Econonomics of Energy and Environmental Policy

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The Importance of Penalties and Pre-qualifications: A Model-based Assessment of the UK Renewables Auction Scheme

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This paper assesses the multi-technology auctions for Contracts for Difference (CfDs) in the UK, with a special focus on how pre-qualifications and penalties affect bidders' behaviour, risk aversion and bidding strategies and thus the auction outcomes in terms of prices and project implementation probability. The auctions are modelled to closely represent the auction design foreseen by the implementing agency, the Department for Business, Energy and Industrial Strategy (BEIS). Two alternative designs are presented: In the first one, bidders bid their true costs as a drop-out after being awarded would be penalised. The second one does not include a penalty. In that case, bidders are modelled with a cost function that includes a higher level of uncertainty. The model results show that low pre-qualifications and low or no penalties lead to an increased drop-out of agents after being awarded. For the policy-maker this implies a lower realisation rate for the auctions. Furthermore, the non-penalty case does not yield lower prices compared to a case with a stricter penalty/pre-qualification system in place.Keywords: Renewable Energy, Auction Theory, Agent-Based-Simulation, Energy Policy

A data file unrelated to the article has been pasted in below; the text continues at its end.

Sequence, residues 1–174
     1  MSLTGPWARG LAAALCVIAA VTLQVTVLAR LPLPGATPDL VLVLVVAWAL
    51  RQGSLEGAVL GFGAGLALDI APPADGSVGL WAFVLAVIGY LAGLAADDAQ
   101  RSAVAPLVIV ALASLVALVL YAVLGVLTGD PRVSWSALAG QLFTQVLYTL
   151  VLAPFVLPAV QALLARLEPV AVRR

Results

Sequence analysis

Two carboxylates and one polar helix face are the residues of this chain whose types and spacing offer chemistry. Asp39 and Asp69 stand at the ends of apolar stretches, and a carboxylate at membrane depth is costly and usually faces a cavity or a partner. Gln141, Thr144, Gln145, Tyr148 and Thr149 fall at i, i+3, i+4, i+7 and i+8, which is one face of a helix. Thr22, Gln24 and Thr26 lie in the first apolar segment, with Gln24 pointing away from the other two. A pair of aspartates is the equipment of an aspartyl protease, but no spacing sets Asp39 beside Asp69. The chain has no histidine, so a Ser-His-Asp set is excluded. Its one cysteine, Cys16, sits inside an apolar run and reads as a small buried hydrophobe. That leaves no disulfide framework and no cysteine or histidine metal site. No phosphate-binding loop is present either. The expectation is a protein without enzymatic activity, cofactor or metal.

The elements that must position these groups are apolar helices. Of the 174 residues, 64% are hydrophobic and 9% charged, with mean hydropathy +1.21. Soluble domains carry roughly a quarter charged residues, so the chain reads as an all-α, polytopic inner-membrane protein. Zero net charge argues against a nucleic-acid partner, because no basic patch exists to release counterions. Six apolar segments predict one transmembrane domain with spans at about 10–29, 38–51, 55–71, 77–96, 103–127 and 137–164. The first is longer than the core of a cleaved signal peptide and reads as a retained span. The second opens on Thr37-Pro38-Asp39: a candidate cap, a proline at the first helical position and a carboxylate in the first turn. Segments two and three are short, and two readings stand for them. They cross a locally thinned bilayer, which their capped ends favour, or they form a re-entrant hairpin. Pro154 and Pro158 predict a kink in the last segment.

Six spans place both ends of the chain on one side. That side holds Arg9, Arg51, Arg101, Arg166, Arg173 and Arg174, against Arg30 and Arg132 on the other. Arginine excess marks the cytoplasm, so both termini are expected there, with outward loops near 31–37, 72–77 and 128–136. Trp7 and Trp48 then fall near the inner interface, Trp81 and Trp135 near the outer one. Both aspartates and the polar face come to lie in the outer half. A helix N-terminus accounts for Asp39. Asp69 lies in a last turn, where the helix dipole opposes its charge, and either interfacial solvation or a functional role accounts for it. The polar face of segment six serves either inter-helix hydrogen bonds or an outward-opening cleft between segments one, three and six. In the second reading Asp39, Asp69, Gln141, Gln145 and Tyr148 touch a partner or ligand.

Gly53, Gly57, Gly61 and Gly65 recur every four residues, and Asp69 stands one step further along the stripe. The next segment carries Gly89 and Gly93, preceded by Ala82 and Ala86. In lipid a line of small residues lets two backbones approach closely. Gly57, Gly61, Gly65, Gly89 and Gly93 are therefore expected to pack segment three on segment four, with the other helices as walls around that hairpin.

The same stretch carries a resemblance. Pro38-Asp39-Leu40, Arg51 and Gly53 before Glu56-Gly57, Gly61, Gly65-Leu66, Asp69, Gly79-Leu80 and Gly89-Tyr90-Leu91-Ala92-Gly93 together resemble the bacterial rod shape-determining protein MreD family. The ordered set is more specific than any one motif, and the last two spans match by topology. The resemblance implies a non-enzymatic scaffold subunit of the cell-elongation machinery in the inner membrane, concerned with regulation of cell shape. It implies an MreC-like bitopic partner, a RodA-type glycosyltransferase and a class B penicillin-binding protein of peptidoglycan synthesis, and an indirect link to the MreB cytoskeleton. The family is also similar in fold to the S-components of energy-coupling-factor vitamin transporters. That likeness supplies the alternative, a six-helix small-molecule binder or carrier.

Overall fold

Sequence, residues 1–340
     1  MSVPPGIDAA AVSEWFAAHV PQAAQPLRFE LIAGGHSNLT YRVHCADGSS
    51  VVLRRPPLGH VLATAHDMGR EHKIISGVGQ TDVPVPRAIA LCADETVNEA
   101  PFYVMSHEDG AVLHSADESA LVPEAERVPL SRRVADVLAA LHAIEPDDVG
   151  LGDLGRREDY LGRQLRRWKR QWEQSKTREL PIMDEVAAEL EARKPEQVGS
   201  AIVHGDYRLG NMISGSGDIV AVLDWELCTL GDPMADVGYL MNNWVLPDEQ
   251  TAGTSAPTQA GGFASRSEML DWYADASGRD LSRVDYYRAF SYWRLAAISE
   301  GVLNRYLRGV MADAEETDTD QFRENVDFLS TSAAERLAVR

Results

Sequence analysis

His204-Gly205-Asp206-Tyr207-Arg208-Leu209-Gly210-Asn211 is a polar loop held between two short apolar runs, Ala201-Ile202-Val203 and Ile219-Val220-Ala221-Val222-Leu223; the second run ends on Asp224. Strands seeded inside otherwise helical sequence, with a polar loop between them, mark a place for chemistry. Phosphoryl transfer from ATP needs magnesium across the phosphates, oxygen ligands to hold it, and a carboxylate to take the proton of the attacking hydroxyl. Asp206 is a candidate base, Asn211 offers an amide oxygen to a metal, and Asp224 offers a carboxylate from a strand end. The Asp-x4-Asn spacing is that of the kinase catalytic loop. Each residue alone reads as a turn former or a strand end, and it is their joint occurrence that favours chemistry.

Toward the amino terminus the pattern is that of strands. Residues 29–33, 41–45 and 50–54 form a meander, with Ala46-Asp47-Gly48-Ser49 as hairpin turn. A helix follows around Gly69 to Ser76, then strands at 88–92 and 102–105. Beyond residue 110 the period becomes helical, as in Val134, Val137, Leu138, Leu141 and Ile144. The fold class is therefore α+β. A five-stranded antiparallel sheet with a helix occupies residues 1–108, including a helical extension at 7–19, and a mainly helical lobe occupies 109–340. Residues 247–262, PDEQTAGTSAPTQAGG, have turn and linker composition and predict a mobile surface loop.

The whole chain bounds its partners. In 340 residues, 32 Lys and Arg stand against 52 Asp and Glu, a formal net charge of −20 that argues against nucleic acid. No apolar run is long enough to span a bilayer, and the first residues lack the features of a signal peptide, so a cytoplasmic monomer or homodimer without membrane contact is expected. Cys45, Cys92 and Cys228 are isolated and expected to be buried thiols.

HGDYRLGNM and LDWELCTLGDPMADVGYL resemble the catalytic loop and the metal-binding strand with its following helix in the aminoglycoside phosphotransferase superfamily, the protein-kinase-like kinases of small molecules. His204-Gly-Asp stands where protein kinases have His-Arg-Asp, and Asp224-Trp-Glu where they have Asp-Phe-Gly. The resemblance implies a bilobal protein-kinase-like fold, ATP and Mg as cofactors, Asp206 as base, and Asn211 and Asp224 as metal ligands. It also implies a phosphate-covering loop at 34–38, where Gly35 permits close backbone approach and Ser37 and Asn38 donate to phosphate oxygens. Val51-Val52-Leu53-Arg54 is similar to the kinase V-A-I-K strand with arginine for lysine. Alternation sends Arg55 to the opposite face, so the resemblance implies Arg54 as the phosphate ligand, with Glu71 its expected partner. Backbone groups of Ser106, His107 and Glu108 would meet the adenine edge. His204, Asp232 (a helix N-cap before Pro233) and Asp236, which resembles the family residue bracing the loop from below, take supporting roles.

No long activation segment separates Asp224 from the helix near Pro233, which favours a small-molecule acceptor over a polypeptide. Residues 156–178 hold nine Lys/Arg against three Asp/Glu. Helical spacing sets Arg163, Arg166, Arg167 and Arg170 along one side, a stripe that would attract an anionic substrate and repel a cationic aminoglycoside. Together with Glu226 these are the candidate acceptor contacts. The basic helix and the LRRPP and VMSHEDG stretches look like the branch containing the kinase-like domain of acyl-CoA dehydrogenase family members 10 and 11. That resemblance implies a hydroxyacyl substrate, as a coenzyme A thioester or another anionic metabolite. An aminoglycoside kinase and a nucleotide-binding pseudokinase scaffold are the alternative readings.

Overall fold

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JEL Codes:Q54: Climate; Natural Disasters and Their Management; Global Warming, H23: Taxation and Subsidies: Externalities; Redistributive Effects; Environmental Taxes and Subsidies, O13: Economic Development: Agriculture; Natural Resources; Energy; Environment; Other Primary Products

Keywords: Renewable Energy, Auction Theory, Agent-Based-Simulation, Energy Policy

DOI: 10.5547/2160-5890.7.2.mwel

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Published in Volume 7, Number 2 of The Quarterly Journal of the IAEE's Energy Economics Education Foundation.


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